Teacups

I have been hearing more and more hospitals across the UK are using china teacups to support older people during their inpatient stay.

This is great.

The background to this is the use of disposable paper or worse, plastic cups to serve tea or coffee to patients during their time in hospital. Most of us have drunk from one of these cups at some point in the past – my most recent experience was on the way back from Sweden to the UK in March, stuck in Jonkoping airport, because of a blizzard.

The cup was too hot, it became cold quickly and tasted of plastic. Not the best experience. I don’t think I finished the drink, probably leaving it balanced on a table set to spill on another unsuspecting traveller.

In Mallard, my ward in Doncaster, we adopted china teacups when we opened. Acknowledging that as many of our patients are disorientated because of dementia or delirium, and, are also unwell with infections, heart attacks, falls and a multitude of the other unanticipated events that result in older people becoming hospitalised, we wanted to do all we could to help orientate them and feel less anxious at being in an unfamiliar environment.

We also realised that as most of our patients stay in hospital for several days, drinking repeatedly from the standard-issue hospital paper cups was not an incentive to hydration – dehydration being one of the major hazards affecting older people, in part because of the medicines used, such as diuretics, but also because of problems affecting mobility that can discourage them from drinking (many carry the erroneous belief that not drinking will reduce their frequency of having to go for a pee – in many instances the opposite happens, this also increases the risk of infections).

How can we keep our patients hydrated? The usual answer to hydration, at least in a hospital environment it so site a cannula, that is, a small hollow plastic tube into a peripheral vein and run saline or dextrose; this does work – it gets fluids into the body, but is, when you think about it perhaps the least efficient, cost effective or, natural way to have a drink.

(In other words, intravenous saline although a fundamental part of modern medicine is nowhere near as good as a cup of tea.)

Another feature of intravenous cannulae is the message they carry – a modern day meme which translates into, ‘patient/hospital/sick’ – you see this on Casualty and Holby City – the really sick people have cannulae attached to them, and another trope is the confused patient pulling-out the cannula and wanting to leave the emergency department.

The confused person not understanding and often fearing the plastic in their body is a real issue, and again something we want to avoid at all costs, further, that plastic, which in medical terminology is a ‘foreign body’ carries with it a risk of infection and skin damage.

Indeed, is there more wrong with these devices than good? Not if you are critically ill and need emergency treatment, but, if you have become dehydrated or refuse to drink because your preferred crockery isn’t on offer, then, yes.

It wasn’t easy to start using crockery on my ward – there were initial concerns about confused people smashing or throwing cups, and yes, like the rest of us, older, confused patients do drop them, but that I don’t think is a valid justification, also, the cups, not single use, might carry infection. Fortunately, we aren’t living in the time of cholera, and even MRSA is not that adherent when it comes to modern day dish-washers.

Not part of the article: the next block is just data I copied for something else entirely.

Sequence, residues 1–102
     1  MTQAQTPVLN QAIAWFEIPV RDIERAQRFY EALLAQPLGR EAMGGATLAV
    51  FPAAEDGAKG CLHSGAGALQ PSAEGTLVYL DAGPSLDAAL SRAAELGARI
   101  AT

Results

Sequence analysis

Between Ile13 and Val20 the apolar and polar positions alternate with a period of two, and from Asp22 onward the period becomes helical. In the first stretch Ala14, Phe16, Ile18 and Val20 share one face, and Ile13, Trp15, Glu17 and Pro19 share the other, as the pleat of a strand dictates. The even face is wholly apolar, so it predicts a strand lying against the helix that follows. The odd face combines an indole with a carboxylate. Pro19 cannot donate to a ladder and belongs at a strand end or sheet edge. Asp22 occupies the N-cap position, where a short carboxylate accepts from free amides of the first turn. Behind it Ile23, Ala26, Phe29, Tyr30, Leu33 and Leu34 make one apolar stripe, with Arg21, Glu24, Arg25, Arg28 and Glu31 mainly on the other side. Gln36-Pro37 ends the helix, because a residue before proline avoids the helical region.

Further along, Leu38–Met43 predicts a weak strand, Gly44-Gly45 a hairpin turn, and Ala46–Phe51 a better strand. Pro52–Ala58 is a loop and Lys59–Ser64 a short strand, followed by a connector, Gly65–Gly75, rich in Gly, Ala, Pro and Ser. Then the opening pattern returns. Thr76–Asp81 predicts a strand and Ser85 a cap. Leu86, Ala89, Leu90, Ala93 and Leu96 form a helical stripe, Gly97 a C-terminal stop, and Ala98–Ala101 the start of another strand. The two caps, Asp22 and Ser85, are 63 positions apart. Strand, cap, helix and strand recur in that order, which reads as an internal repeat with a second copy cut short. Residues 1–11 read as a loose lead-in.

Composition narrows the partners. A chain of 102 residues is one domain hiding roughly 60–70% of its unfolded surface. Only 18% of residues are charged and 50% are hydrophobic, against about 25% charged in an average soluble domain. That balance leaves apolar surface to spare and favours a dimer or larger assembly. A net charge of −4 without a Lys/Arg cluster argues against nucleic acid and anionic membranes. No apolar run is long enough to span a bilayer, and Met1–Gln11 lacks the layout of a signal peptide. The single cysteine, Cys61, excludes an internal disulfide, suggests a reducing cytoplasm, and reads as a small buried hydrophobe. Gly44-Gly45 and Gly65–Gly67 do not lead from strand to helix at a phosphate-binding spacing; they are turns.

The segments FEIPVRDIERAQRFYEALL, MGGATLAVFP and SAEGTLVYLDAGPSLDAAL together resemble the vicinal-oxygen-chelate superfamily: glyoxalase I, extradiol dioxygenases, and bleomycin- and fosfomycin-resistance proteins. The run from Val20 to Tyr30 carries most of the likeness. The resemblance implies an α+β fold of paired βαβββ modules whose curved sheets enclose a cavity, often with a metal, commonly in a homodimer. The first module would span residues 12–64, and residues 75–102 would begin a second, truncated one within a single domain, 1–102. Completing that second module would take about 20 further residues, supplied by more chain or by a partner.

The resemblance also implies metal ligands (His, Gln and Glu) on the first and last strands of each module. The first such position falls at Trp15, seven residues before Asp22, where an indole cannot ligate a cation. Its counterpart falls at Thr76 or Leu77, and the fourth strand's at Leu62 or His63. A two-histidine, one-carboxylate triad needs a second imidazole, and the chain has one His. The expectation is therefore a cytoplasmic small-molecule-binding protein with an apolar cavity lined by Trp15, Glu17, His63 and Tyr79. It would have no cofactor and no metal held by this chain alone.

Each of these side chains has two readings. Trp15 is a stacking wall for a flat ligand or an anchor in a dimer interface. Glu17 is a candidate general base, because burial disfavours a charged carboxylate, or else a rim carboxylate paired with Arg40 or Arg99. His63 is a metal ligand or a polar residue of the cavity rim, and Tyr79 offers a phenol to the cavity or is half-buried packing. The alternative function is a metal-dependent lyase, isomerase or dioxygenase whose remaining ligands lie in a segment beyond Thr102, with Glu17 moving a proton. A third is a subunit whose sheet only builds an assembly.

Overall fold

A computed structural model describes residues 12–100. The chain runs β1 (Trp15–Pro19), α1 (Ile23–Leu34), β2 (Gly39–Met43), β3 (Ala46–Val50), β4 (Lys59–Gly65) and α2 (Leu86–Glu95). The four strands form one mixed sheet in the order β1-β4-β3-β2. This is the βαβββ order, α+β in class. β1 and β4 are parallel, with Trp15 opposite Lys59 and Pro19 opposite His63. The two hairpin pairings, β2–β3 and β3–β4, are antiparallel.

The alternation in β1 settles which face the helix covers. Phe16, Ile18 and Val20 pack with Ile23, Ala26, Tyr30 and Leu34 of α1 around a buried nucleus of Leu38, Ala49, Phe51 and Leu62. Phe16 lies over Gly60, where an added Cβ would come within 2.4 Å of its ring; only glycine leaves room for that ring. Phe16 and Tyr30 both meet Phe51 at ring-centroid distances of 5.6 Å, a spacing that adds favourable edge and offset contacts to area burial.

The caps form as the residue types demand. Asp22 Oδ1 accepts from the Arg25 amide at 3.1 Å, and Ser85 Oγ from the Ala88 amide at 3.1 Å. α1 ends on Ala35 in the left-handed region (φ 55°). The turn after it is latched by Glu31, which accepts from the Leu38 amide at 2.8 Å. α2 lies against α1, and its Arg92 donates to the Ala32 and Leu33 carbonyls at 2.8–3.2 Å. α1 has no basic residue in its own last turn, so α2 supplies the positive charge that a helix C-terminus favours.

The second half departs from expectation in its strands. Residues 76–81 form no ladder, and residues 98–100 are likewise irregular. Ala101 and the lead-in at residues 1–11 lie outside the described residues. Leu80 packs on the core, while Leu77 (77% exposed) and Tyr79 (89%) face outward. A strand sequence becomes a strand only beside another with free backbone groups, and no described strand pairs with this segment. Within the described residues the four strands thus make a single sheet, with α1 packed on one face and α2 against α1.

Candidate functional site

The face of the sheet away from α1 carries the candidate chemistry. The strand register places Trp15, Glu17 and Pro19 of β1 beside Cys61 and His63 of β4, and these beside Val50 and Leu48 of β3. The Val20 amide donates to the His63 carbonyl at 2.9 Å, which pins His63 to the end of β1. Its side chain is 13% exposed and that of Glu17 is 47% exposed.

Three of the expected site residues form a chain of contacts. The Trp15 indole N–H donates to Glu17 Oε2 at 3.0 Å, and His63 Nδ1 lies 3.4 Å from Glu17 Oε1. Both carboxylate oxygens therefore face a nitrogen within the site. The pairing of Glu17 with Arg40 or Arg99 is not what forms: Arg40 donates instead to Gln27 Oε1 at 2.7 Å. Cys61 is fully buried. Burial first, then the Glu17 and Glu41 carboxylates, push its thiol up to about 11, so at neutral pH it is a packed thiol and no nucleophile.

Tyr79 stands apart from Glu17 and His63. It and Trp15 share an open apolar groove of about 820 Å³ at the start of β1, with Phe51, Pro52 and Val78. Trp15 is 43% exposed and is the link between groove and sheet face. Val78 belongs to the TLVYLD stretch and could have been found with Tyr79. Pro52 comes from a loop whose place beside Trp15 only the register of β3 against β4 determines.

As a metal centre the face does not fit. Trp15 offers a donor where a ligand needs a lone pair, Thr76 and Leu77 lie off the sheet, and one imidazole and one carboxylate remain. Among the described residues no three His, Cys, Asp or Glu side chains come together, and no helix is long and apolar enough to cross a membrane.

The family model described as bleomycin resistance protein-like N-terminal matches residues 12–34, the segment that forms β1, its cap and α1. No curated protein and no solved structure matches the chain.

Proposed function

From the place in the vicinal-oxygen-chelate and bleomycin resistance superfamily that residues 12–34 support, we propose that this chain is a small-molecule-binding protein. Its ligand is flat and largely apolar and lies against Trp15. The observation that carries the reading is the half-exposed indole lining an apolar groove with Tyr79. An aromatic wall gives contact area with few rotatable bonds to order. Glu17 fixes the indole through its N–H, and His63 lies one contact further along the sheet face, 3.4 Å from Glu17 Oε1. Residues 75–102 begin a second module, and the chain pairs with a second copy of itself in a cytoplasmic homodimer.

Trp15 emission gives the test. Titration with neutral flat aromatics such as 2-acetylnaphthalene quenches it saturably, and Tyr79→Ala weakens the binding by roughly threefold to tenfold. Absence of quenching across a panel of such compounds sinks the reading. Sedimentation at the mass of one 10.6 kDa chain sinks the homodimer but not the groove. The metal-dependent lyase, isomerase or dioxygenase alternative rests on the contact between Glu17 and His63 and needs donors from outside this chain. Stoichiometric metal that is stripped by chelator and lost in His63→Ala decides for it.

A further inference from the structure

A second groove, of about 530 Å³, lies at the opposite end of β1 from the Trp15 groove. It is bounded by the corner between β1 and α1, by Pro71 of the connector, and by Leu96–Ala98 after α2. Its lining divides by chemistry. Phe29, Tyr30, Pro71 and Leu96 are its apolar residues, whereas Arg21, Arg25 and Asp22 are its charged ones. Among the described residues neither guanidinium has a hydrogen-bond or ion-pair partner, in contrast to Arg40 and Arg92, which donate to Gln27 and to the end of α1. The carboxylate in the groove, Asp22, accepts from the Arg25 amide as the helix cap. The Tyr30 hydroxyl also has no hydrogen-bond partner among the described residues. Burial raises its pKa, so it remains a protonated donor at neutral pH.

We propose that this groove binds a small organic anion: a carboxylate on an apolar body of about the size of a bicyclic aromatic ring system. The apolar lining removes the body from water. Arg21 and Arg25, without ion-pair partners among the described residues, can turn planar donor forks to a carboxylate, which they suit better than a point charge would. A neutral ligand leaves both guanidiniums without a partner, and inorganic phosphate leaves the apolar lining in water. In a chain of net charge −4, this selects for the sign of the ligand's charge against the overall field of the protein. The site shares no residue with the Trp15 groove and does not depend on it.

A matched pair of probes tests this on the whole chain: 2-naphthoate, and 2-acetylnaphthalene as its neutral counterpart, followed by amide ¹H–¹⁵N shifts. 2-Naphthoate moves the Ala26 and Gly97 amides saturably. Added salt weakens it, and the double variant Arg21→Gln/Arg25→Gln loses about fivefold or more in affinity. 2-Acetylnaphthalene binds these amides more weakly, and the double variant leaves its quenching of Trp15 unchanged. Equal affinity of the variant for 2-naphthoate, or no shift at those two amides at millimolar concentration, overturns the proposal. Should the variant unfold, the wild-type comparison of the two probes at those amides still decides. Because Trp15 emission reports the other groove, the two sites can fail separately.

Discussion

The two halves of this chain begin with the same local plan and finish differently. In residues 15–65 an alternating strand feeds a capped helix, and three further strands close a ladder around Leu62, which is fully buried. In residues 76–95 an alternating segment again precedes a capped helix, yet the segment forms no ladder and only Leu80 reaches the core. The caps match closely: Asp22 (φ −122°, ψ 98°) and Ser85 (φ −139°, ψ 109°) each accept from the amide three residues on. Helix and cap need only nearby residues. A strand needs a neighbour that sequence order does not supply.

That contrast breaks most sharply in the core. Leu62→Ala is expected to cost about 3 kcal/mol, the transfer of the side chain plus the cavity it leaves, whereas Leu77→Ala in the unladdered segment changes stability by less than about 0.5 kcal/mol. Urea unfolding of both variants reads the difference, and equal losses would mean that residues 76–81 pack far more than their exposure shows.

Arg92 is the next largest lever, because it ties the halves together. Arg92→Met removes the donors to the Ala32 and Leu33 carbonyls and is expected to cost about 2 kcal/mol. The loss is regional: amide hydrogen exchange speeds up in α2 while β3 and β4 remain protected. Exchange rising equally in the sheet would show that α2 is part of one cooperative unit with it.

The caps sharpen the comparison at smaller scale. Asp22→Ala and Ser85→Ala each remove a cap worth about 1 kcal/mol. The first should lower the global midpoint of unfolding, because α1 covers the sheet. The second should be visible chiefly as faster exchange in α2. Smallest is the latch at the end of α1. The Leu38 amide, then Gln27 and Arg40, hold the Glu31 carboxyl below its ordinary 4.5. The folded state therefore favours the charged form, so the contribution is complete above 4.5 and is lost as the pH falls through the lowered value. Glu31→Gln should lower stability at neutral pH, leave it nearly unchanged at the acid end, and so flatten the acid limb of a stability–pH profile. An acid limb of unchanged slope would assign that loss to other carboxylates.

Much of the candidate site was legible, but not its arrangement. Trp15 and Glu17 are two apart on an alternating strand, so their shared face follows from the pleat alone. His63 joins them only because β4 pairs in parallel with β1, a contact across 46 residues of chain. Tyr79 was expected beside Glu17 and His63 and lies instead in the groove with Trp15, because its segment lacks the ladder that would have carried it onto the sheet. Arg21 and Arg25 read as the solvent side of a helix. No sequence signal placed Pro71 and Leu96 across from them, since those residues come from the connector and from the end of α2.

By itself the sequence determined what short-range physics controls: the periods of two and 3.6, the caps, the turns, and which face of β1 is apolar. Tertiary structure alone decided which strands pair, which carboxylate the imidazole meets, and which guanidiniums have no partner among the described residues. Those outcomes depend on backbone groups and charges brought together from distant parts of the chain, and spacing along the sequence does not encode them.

Over time the cups have become part of how we do things, the cups, reassuringly, because of attrition, are of different shapes and colours, which to me sends an individualised, homely message. Our visitors use the same cups, showing again, that our patients aren’t different, haven’t lost all their rights and privileges – read, they aren’t prisoners (even on those old-time units that aspire to maintain visiting times).

Getting other areas to adopt the china cups has been more precarious, the service assistants in some parts of the hospital have been vocal in their concern about increases to workload, or the risk of smashes or infections, or any number of other worries that you could think-up about why a mug might be bad.

I think we are getting there.

In the hospital we recently ran a frailty week – where we bigged-up all that is fantastic about older people and their care; the focus was person-centred care, which I have covered previously.

Person-centred care, where we remember that the patient is a person and, that person is the reason for the existence of the hospital, and our work, where we need to sometimes check ourselves when we slip into modes of process and performance; here the cups come into their own.

I haven’t ever seen a patient when offered a china cup ask for, ‘The paper one instead,’ mostly our patient’s don’t ask for much, they appreciate the care they receive and tolerate our failings.

We can’t wait to be asked, we need to maintain a constant vigil and see that the people lying in the beds could easily be ourselves or our loved ones, indeed, are the loved ones of others, and attend to their needs with as much delicacy, precision and care as if they were ourselves or our own.

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